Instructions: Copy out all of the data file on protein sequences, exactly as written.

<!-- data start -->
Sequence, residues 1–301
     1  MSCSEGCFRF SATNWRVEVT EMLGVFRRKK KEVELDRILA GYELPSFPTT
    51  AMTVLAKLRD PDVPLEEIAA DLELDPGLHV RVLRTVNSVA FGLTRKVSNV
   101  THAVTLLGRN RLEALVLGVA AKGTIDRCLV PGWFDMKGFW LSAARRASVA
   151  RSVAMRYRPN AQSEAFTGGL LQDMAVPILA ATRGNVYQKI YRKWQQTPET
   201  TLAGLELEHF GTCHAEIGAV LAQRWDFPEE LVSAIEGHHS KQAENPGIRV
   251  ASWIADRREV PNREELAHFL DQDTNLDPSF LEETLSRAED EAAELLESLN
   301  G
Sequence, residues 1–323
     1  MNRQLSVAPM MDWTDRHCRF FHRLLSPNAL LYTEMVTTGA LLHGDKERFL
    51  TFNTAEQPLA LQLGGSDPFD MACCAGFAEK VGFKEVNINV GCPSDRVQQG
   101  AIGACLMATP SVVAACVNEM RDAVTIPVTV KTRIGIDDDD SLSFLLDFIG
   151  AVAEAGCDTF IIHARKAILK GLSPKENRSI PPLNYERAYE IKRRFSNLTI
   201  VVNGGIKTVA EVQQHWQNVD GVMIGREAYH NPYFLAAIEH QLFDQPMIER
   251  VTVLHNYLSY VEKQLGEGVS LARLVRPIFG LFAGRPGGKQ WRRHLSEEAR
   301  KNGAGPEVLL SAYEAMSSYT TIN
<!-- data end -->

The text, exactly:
Sequence, residues 1–301
     1  MSCSEGCFRF SATNWRVEVT EMLGVFRRKK KEVELDRILA GYELPSFPTT
    51  AMTVLAKLRD PDVPLEEIAA DLELDPGLHV RVLRTVNSVA FGLTRKVSNV
   101  THAVTLLGRN RLEALVLGVA AKGTIDRCLV PGWFDMKGFW LSAARRASVA
   151  RSVAMRYRPN AQSEAFTGGL LQDMAVPILA ATRGNVYQKI YRKWQQTPET
   201  TLAGLELEHF GTCHAEIGAV LAQRWDFPEE LVSAIEGHHS KQAENPGIRV
   251  ASWIADRREV PNREELAHFL DQDTNLDPSF LEETLSRAED EAAELLESLN
   301  G
Sequence, residues 1–323
     1  MNRQLSVAPM MDWTDRHCRF FHRLLSPNAL LYTEMVTTGA LLHGDKERFL
    51  TFNTAEQPLA LQLGGSDPFD MACCAGFAEK VGFKEVNINV GCPSDRVQQG
   101  AIGACLMATP SVVAACVNEM RDAVTIPVTV KTRIGIDDDD SLSFLLDFIG
   151  AVAEAGCDTF IIHARKAILK GLSPKENRSI PPLNYERAYE IKRRFSNLTI
   201  VVNGGIKTVA EVQQHWQNVD GVMIGREAYH NPYFLAAIEH QLFDQPMIER
   251  VTVLHNYLSY VEKQLGEGVS LARLVRPIFG LFAGRPGGKQ WRRHLSEEAR
   301  KNGAGPEVLL SAYEAMSSYT TIN